Your first Scotch is a hard choice if making it on your own. There are many different types, all of which would take an article on their own to discuss. If you have someone who enjoys Scotch, discuss your options with them; they will have some amazing insight and guide you into the world of appreciating Scotch. There aren’t many mixed drinks with Scotch in them. Really, there’s only one that comes to mind. It’s the Rob Roy. A drink named for Scottish hero, Robert Roy MacGregor known as the Scottish Robin Hood through the story of the Highland Rogue. It’s made by combining Scotch with sweet vermouth, angostura bitters, and topping it all off with a maraschino cherry. Scotch pairs much like wine. If you are looking to pair Scotch with your next barbecued meal, look for something with buttery, vanilla, and earthy notes to compliment the food, or one with spicy, caramel and salt notes to contrast it. The added bonus of sipping Scotch with a barbecue meal is that the alcoholic content will help melt the fat on your tongue further enhancing your meal.
Jockey Full of Bourbon
The Whisky of the Old West, Bourbon is described as sweet but can be incredibly sour, hence the term Whisky face. You get hit with a smoky finish thanks to the charred oak barrels although some also report tasting leather, sunshine, apricots, vanilla, caramel and even earth. This makes Bourbon a versatile drink for accompanying barbecue. Bourbon is made using a Sour Mash process. This is much like making sourdough bread or Amish friendship cake. You begin with a starter of fermented mash from the batch before, and add new mash to the mix to keep it going and start the next batch.
For Bourbon to be considered Bourbon, it must be produced in the United States, preferably Kentucky. Fun fact, we have a location in Crittenden, Kentucky. A distillery must adhere to actual laws laid down in the Bottle In Bond Act of 1897. Bourbon must be made with at least 51% corn, with the rest of the cereal making up the batch being anything from wheat to rye and even barley. Other rules that Bourbon makers must adhere to include that the Bourbon must be aged at least two years in brand new, charred, white oak barrels and the age on a bottle of Bourbon must also reflect the age of the newest whiskey in the sour mash mix.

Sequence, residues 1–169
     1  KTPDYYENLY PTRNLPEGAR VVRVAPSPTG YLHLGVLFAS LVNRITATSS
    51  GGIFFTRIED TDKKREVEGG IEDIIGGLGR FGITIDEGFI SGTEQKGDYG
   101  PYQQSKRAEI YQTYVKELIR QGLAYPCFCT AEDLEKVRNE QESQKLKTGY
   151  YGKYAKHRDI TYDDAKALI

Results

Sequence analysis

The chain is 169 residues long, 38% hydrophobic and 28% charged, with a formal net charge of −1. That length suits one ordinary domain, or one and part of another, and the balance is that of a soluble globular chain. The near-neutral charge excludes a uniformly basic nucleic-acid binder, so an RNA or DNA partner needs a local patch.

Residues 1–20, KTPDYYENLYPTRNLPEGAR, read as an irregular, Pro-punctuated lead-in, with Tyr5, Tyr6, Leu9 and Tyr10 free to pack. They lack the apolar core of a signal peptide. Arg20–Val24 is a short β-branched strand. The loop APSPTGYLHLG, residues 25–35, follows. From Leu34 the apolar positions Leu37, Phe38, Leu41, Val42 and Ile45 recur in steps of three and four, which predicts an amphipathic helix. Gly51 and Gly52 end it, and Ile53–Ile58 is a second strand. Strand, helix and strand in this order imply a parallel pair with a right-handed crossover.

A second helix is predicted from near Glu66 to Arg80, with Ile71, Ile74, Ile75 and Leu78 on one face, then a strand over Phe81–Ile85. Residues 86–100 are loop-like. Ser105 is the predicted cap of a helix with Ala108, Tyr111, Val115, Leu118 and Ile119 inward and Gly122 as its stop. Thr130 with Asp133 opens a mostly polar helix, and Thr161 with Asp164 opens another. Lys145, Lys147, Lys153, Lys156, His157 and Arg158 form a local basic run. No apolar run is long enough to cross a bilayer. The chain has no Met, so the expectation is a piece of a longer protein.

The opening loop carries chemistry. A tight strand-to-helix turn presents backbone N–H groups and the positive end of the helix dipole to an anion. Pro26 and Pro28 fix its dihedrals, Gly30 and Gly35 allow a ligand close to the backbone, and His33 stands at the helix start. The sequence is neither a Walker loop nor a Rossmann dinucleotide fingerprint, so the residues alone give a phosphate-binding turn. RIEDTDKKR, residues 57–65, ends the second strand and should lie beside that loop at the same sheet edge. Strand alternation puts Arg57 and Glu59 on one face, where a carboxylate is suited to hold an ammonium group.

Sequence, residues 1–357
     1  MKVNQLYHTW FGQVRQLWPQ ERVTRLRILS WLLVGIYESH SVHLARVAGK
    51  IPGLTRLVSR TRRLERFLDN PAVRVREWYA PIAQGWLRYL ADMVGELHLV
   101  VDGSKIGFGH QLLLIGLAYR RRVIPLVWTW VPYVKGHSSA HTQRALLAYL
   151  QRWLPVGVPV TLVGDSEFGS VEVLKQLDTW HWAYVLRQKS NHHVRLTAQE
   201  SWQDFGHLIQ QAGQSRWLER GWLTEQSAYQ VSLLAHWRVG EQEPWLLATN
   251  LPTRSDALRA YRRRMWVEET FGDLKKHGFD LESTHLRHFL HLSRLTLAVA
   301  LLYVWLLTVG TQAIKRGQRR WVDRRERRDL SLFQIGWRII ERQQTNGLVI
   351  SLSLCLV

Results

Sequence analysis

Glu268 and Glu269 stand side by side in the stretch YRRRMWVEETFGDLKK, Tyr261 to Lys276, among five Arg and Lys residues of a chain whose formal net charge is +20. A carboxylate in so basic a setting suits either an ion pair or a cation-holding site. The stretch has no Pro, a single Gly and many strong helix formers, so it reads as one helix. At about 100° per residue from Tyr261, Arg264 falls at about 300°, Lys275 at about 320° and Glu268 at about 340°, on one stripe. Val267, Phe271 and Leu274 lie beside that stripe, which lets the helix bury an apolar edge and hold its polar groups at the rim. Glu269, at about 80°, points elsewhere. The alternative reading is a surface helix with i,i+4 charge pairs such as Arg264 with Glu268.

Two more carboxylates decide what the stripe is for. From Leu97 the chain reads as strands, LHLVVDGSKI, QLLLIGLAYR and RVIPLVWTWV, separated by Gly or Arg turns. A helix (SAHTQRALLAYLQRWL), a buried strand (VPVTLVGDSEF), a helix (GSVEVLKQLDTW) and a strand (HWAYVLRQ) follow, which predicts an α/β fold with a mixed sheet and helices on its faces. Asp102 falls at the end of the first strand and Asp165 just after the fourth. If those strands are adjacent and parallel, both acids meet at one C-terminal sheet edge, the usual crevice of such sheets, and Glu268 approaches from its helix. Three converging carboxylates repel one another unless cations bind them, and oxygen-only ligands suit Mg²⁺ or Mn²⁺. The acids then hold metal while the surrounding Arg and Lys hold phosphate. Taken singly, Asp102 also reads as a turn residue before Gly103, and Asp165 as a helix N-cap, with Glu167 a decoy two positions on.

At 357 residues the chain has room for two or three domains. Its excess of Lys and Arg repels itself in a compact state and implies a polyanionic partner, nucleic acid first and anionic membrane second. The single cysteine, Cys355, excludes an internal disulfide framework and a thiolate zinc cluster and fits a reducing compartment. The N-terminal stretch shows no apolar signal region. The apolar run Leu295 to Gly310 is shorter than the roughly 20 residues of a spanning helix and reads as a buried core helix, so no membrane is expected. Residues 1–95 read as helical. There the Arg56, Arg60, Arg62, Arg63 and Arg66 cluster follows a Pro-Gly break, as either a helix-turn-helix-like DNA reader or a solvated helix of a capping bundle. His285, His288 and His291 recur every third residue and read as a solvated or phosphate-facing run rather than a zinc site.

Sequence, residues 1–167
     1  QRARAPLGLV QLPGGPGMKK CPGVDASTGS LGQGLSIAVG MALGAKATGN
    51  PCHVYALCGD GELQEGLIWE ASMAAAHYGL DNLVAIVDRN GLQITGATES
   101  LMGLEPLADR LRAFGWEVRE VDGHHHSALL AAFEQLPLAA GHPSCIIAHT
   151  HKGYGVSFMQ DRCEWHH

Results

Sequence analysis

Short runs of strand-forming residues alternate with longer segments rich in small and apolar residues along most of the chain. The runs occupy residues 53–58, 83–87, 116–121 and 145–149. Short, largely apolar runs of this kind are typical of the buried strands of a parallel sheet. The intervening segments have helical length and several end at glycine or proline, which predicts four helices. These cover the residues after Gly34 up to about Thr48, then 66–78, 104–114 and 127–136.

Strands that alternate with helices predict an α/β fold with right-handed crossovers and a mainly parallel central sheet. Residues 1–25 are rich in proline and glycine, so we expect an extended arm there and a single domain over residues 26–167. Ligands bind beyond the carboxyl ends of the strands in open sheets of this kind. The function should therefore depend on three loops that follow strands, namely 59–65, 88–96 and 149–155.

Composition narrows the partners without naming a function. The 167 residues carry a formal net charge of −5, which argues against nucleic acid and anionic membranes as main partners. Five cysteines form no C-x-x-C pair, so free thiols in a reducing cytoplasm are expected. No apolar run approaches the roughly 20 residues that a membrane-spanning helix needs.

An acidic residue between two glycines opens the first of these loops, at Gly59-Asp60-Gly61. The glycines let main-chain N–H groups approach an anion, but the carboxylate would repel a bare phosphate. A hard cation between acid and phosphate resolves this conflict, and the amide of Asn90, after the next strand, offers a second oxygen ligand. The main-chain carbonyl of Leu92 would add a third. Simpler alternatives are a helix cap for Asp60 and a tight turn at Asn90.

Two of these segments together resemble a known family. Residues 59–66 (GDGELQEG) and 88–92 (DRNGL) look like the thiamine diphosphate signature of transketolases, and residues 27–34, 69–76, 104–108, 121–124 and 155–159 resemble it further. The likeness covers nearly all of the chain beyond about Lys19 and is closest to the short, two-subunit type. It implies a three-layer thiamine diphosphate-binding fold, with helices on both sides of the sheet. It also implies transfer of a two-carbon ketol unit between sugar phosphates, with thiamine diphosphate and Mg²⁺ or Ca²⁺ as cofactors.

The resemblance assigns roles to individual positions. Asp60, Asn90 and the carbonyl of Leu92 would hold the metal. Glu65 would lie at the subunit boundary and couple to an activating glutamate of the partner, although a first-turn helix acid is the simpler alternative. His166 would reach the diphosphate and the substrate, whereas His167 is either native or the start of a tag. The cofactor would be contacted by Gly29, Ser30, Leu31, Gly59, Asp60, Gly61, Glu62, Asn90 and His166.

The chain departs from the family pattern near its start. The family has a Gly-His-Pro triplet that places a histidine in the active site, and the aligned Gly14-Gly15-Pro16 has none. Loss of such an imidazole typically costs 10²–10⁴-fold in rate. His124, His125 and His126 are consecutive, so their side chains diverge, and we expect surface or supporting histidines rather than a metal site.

How to Drink Bourbon
Bourbon can be mixed, or shot, but should be savored like Scotch if you wish to discover its complexities. Cowboy hats and spurs are optional.
Start with a wide-mouthed glass. A rocks glass, brandy snifter, or even a whiskey glass. Pour about ¼ cup of Bourbon into the glass.
Allow the Bourbon to breathe for a few minutes.
Before you sip, smell the bouquet by placing your nose over the glass. Have your lips parted as if you are going to sip with the lower lip touching the glass. Breathe in gently. This will give you a hint at the flavors you will taste.
Take a small sip and roll it around the mouth to experience the bite before and after you swallow.
Once swallowed, breathe out and then back in through the nose and mouth at the same time to discover some of the flavors lingering beneath the burn.
Continue to sip and appreciate the unique flavors of the Bourbon in your cup.
Unlike its Scottish counterpart, Bourbon mixes well and is added to many drinks. The most famous being the Old Fashioned, a concoction of sugar and bitters muddled with soda and topped with ice. You then pour over the Bourbon and garnish it with an orange slice and cherry. The history, along with its in’s and out’s would make for another whole article about Bourbon. You can drink it neat, with ice, or mixed, but one thing is for sure, Bourbon is a unique spirit perfect for both friends and relaxing times. When pairing, look for Bourbons that mimic the flavor profiles of the barbecue dish you are serving – smoky for smoked dishes, sweet for BBQ sauces, etc.
One Bourbon, One Scotch, and all Whisky
Even though Whisky is the umbrella word that covers both Scotch and Bourbon these two drinks are unique. While one requires forming a relationship with the drink, the other is more forgiving. With the care and attention paid to the creation of both Scotch and Bourbon, it would be a crime not to appreciate the nuances they both contain. Will you give them a try? Check out our BBQ Recipe Blog for the ideal food to pair with these great drinks, and keep an eye on our Facebook and Instagram pages for loads of fun and inspiring barbecue related information.